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In one of the most egregious examples of government overreach, legislation passing along state-mandated pricing to hard-working Mississippians while excluding the legislators’ personal health plan was approved by a Senate committee this week.
The scheme, which is being touted to lower prescription drug costs, removes the Mississippi State and School Health Plan from the legislation. The 190,000-member healthcare plan covers teachers, state employees, and all lawmakers. The legislation, approved by the Senate Public Health and Welfare committee, also takes away a company’s right to enter into private contracts for health benefits for its employees, and it places a mandatory dispensing fee of $11.29 that pharmacists will charge on every prescription that is filled or re-filled.
Proponents claim Senate Bill 2484, which changes the way Pharmacy Benefit Managers are utilized, will lower costs. However, research from business and industry leaders and insurance providers show cost increases to benefits for employees ranging from thousands to millions of dollars, depending on the number of employees. Unfortunately, these are costs that will be passed along to employees.
So, who is correct?
While the data continues to stack up that shows the scheme hatched by independent pharmacists will not save money, the most convincing evidence that it will raise drug costs is excluding the state health plan. If savings truly exist, legislators are acting irresponsibly by not providing these “proposed savings” to hard-working teachers and state employees.
If legislators placing cost increases on the backs of hard-working Mississippians without putting the increases on themselves wasn’t bad enough, they’re also telling companies in Mississippi they no longer have the right to negotiate contracts on behalf of their employees.
Removing a company’s right to work with their pharmacy benefit specialists is both government overreach and protectionism that benefits only one group, the independent pharmacists. Businesses in all sectors of Mississippi’s economy provide insurance through self-funded plans. These plans allow the company to determine the best, lowest-cost options for providing healthcare insurance for their employees.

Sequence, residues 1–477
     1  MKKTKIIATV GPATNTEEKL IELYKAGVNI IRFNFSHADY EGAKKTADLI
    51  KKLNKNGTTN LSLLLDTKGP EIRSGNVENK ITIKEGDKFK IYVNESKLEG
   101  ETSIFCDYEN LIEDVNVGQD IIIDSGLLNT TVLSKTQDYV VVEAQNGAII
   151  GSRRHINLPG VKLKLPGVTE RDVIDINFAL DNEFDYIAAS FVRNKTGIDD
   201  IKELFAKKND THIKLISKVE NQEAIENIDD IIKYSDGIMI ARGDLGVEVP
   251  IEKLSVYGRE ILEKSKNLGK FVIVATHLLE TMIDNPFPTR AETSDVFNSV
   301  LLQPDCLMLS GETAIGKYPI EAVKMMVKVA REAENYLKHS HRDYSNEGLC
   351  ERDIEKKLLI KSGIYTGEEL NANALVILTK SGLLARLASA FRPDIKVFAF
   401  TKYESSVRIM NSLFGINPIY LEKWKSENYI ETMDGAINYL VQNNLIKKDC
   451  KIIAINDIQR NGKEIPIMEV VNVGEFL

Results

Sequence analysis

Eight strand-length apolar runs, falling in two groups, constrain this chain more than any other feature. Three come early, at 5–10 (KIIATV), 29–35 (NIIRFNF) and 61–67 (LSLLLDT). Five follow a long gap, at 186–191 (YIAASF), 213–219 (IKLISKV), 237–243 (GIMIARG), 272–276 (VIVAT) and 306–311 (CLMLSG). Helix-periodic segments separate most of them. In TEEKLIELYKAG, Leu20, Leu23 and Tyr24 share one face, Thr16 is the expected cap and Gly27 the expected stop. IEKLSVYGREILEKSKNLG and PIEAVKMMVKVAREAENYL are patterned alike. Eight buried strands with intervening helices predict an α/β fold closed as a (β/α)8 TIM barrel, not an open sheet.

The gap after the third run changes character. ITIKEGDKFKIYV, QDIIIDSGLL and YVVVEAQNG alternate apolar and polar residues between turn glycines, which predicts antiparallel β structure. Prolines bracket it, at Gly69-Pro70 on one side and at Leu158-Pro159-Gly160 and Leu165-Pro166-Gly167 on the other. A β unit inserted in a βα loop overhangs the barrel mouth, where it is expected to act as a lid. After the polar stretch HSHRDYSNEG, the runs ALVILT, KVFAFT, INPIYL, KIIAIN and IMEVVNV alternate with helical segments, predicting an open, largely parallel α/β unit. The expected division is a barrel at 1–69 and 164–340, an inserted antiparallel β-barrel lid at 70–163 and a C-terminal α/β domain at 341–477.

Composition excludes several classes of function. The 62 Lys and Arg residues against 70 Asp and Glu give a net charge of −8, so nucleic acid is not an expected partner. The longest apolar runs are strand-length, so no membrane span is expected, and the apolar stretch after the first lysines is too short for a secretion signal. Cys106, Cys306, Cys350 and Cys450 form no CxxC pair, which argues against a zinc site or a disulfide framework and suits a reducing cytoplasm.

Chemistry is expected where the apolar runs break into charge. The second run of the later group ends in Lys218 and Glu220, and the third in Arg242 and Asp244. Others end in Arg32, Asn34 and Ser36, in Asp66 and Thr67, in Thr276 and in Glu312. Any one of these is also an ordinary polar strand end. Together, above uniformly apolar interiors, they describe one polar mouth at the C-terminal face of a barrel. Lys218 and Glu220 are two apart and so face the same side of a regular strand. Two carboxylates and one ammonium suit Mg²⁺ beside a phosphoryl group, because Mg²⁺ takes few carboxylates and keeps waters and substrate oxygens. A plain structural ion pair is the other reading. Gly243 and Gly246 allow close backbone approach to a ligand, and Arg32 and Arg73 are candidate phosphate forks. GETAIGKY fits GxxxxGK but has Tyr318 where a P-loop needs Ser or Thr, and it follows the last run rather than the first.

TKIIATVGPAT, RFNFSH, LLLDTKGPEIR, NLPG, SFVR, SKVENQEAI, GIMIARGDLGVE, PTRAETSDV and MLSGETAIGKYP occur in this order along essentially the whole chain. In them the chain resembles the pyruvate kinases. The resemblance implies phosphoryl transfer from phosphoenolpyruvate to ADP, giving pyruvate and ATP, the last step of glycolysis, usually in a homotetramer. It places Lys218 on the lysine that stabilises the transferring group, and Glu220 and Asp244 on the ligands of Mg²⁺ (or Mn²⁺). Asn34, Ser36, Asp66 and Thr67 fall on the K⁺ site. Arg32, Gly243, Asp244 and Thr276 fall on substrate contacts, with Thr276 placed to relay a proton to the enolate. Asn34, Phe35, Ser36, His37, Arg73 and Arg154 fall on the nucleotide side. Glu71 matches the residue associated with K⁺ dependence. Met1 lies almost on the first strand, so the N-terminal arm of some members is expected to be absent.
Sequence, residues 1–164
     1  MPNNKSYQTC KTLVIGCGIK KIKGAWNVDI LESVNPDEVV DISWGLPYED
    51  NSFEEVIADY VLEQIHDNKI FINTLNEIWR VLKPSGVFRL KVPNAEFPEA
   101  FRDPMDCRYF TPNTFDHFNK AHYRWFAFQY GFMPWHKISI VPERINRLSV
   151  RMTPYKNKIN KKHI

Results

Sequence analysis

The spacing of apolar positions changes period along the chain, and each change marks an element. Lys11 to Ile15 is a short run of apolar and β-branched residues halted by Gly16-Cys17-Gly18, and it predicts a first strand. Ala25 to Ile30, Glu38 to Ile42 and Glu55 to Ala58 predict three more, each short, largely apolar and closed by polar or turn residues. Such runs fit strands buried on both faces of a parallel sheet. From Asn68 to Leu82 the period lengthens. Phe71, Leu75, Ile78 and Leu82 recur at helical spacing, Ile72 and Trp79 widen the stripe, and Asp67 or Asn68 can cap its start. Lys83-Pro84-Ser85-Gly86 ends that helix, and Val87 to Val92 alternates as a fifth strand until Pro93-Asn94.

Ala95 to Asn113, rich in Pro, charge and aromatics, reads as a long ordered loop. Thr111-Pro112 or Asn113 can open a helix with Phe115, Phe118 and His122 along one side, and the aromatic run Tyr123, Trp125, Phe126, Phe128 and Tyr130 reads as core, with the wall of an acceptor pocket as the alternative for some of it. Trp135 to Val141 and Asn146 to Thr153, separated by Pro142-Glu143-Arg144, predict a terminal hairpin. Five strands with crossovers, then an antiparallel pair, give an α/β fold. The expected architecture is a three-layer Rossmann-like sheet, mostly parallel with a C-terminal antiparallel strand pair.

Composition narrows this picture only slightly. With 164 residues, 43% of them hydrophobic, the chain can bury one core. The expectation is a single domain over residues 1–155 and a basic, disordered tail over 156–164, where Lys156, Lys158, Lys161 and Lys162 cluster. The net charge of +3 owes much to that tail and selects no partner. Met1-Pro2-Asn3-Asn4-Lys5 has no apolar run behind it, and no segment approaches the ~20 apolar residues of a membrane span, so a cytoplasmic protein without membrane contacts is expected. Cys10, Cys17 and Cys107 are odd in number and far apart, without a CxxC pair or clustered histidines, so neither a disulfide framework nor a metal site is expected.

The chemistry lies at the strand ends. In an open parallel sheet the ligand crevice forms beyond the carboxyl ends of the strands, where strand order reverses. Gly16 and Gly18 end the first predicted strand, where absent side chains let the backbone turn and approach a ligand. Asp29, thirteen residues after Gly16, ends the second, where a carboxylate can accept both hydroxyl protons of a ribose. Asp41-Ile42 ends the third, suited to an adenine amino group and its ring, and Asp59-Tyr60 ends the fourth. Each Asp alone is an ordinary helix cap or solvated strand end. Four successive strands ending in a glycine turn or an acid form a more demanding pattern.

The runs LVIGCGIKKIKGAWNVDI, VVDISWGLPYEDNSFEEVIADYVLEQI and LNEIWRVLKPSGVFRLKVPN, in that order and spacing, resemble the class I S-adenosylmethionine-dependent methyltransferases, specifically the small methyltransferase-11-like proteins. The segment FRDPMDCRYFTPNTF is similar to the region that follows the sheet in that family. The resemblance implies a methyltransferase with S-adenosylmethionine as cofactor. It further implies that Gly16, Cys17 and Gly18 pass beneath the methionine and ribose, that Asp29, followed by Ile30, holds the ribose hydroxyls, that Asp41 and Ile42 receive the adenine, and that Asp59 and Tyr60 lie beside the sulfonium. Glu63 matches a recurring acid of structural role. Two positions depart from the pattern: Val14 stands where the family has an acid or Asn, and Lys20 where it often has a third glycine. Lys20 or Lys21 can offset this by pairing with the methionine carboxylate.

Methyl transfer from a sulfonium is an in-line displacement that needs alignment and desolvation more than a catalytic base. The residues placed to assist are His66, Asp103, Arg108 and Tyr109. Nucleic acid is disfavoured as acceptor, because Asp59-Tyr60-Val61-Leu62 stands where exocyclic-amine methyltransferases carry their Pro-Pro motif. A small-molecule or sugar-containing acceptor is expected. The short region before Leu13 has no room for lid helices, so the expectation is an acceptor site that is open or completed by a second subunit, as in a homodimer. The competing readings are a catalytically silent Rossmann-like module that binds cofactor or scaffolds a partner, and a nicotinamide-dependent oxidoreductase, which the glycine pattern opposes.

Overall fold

Stealing the negotiating rights of private employers, that bear all the risks associated with the self-funded plan, imposes astronomical increases for coverage and forces out- of-pocket costs to skyrocket for Mississippi’s private-sector workforce.
Small businesses that purchase group insurance for employees aren’t immune, either. One model predicts that policyholders will pay more than $50 million under this legislation. On average, the changes would result in a 15%-18.5% increase in drug
costs for working Mississippians and their families. This double-digit percentage increase impacts only premiums and does not reflect the additional out-of-pocket cost with rising co-pays, inflation, and higher drug costs.
So how are the proponents claiming that adding an $11.29 dispensing fee per prescription will save money? The questionable tactics not only call for removing a company’s right to a private contract, but changes the pricing formula to the National Average Drug Acquisition Cost (NADAC), a survey that estimates average drug costs.
While some drugs may cost less using NADAC, the model is flawed. Because there is such a small sample size in the NADAC model, it creates a potential for bias, according to research from Milliman, one of the world’s largest providers of actuarial services.
The financial impact of using NADAC-plus pricing will vary based on the mix of specific drug utilization, Milliman reports. Even worse, when a drug isn’t listed on NADAC, the current metric using the Wholesale Acquisition Cost will be applied without any adjustments to the proposed state-mandated dispensing fee. Additionally, there is nothing that currently prohibits companies from using NADAC pricing.
It’s important to note that Mississippi would become an outlier if these horrific regulations are implemented. Only West Virginia has a similar scheme. Does it work? No one knows because there isn’t any actual data. A series of complications delayed implementation until Jan. 1. However, after only one month of the law being in effect, the West Virginia Chamber of Commerce sent a survey to gauge the impact, after hearing from some members their pharmacy benefits have seen significant cost increases.
As more senators are understanding what this legislation does, they are beginning to speak out against it. Senator Brice Wiggins led the charge during the committee meeting to make meaningful changes to the bill or kill the legislation. He was joined by three other Senators – Josh Harkins, Chris Johnson, and Chad McMahan – on a failed motion to table the legislation. Several Senators who originally signed onto the legislation as co-authors have since asked to have their names removed after learning of the negative impacts of this bill.
The bill is currently on the Senate calendar, and the full body will now have a chance to determine if the bill will continue through the legislative process. Senators are encouraged to take a closer look, realize it harms working Mississippians, and stop this absurdity now.
The bottom line is the bill is a tremendous overreach that benefits a small number of pharmacists while protecting legislators’ personal healthcare coverage. The ultimate burden of this atrocious legislation falls on employers, their covered employees, and Mississippians with individual coverage.
Scott Waller is President & CEO of the Mississippi Economic Council – the State Chamber of Commerce.
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